Good morning and welcome to Wednesday. Here’s the Digest.
1. While environmental groups admonished the Trump administration for rolling back President Obama’s signature climate policy, some Minnesota conservatives welcomed the news. The Clean Power Plan aimed to reduce carbon emissions from power plants and set emissions reduction targets for each state. But President Trump has said the policy amounts to a “war on coal,” and on Tuesday EPA Administrator Scott Pruitt began the process of eliminating it. Minnesota U.S. Rep. Tom Emmer, a Republican, said the Clean Power Plan was “federal overreach.” Emmer added that Minnesota is on track to meet its carbon reduction target without the Clean Power Plan. On that point, renewable energy advocates agree: Minnesota is on track to meet carbon reductions from power plants. That’s largely because coal-fired power is more expensive than wind and natural gas. (MPR News)
2. Minnesota’s tax collections are running behind projections, and the state’s economic consultant has slightly downgraded growth estimates, according to a report Tuesday from the state finance agency. The Minnesota Management and Budget quarterly economic update shows state government’s fiscal year is off to a lackluster start. From July through September, Minnesota took in $66 million less than anticipated. That’s about 1.4 percent below revenue projections. Income and sales taxes were both down while corporate taxes ran about even. The report is confined to the revenue side of the ledger. A comprehensive review that also considers spending patterns is due out after Thanksgiving. (MPR News)
3. The upcoming 2018 Super Bowl in Minneapolis will be the most complicated event in NFL history, the league’s senior vice president for events Peter O’Reilly said Tuesday. O’Reilly was among a contingent from the NFL and its partners in downtown Minneapolis for a week of meetings about the 10 days of events that begin in late January and culminate in the game on the night of Sunday, Feb. 4. The Minnesota Super Bowl will be the NFL’s 52nd, but only the sixth to be played in a cold weather city. “This is as complex a Super Bowl as we’ve ever had to plan and lay out,” he said. “We’ve got lots of opportunities to do things differently.” (Wait, didn’t they play one at the Metrodome in 1992?) (Star Tribune)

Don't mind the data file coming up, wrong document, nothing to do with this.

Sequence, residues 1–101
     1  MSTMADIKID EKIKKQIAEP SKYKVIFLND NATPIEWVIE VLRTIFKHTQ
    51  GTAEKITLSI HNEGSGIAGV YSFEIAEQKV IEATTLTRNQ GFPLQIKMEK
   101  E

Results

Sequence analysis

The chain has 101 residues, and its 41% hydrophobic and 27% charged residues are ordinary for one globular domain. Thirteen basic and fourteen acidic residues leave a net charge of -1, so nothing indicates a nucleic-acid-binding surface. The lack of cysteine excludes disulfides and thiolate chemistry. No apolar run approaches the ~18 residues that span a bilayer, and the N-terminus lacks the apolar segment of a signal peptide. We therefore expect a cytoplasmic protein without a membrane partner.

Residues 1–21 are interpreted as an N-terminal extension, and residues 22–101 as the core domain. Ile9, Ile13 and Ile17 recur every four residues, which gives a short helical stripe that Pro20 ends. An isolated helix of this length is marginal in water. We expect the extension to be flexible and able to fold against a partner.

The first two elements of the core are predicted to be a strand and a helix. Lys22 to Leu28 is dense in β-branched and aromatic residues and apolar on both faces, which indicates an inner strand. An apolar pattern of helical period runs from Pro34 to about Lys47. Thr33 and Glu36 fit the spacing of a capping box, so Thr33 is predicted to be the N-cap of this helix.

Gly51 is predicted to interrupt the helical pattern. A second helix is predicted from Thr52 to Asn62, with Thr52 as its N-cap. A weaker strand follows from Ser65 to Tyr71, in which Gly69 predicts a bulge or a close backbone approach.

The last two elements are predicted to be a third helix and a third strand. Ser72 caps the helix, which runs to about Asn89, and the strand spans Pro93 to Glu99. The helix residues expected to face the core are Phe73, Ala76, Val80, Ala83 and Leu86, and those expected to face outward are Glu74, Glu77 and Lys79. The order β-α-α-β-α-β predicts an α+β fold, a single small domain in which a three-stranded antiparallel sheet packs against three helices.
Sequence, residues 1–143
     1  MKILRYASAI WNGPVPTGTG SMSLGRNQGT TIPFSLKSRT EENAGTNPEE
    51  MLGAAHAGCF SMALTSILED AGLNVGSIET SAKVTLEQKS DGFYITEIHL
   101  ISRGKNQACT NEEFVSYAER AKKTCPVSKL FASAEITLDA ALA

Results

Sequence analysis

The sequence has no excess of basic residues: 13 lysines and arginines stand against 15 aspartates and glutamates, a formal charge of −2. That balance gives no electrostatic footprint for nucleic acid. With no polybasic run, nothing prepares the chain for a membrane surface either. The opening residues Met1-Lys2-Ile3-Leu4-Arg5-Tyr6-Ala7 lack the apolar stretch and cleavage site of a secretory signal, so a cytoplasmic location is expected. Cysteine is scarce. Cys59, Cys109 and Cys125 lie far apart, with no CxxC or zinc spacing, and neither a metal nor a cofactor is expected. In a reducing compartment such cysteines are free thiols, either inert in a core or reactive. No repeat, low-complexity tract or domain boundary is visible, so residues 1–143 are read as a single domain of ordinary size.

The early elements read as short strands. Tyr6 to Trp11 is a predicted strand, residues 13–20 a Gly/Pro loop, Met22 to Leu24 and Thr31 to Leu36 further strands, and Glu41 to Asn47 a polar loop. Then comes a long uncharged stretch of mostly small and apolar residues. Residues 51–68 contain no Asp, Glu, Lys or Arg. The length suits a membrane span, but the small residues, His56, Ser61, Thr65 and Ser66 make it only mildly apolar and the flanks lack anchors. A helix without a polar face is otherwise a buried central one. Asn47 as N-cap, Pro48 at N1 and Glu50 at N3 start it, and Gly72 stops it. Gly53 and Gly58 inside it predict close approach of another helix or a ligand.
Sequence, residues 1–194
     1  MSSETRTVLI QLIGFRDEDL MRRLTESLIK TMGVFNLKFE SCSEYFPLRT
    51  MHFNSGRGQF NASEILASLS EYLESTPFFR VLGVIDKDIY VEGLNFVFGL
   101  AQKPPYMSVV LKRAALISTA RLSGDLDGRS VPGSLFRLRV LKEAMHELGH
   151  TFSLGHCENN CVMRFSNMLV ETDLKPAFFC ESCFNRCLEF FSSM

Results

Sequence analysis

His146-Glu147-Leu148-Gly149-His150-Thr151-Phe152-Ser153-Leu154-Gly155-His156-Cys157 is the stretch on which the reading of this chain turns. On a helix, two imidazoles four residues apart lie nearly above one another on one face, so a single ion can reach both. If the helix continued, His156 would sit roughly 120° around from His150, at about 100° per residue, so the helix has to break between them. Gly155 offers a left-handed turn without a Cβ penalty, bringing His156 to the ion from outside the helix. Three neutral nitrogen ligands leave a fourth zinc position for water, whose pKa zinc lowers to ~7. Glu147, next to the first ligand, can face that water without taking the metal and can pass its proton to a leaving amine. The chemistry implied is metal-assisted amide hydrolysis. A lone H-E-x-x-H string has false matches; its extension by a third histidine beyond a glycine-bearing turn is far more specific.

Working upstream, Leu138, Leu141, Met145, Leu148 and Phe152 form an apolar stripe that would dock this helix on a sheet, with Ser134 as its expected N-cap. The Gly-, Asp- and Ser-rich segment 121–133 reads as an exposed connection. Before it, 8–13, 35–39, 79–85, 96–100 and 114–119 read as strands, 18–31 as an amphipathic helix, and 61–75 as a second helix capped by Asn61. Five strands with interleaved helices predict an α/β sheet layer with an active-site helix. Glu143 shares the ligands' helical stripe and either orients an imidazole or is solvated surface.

4. Minnesota’s extension for Real ID enforcement expired Tuesday, but state officials say there’s no reason for concern. They say the state will be covered under a federal grace period until Jan. 22, 2018. The U.S. Department of Homeland Security had given Minnesota until Oct. 10 to comply with the federal law, which requires state-issued drivers’ licenses and identification card to meet stricter security standards. They have not yet granted Gov. Mark Dayton’s request for another extension, which he wants to run through Oct. 2018. Legislation enacted earlier this year set that deadline for getting the state fully up to speed on Real ID. (MPR News)
5. A nonprofit legal foundation is threatening to sue the Minnesota State High School League on behalf of a 15-year-old boy who was barred from participating in a girls’ high school dance championship last December. The Pacific Legal Foundation sent a letter Tuesday to the high school league, setting a Nov. 3 deadline for Kaiden Johnson to be allowed to dance. Johnson, a sophomore, attends northwestern Wisconsin’s Superior High School, which allows him to participate in the dance team. But the team from a remote area of Wisconsin competes against teams from Minnesota, where only girls are allowed to dance competitively. Attorney Joshua Thompson of the Pacific Legal Foundation says the treatment amounts to discrimination. (AP via Pioneer Press)